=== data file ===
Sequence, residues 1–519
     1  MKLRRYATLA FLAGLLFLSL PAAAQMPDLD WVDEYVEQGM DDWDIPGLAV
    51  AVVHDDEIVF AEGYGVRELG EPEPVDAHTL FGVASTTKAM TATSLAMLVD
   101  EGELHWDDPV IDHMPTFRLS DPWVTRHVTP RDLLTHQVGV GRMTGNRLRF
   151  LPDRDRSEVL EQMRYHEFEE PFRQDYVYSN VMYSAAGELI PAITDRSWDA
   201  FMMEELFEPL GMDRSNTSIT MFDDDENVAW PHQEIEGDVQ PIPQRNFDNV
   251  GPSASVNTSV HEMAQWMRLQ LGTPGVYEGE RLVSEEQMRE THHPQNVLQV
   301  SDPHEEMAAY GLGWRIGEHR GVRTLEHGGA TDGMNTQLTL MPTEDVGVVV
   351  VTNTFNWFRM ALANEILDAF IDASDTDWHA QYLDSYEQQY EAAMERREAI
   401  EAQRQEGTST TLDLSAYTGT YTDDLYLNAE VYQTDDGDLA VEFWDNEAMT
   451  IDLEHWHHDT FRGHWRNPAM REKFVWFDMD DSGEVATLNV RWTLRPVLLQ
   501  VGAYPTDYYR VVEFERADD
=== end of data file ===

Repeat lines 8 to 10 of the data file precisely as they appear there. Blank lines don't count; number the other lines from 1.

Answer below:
   301  SDPHEEMAAY GLGWRIGEHR GVRTLEHGGA TDGMNTQLTL MPTEDVGVVV
   351  VTNTFNWFRM ALANEILDAF IDASDTDWHA QYLDSYEQQY EAAMERREAI
   401  EAQRQEGTST TLDLSAYTGT YTDDLYLNAE VYQTDDGDLA VEFWDNEAMT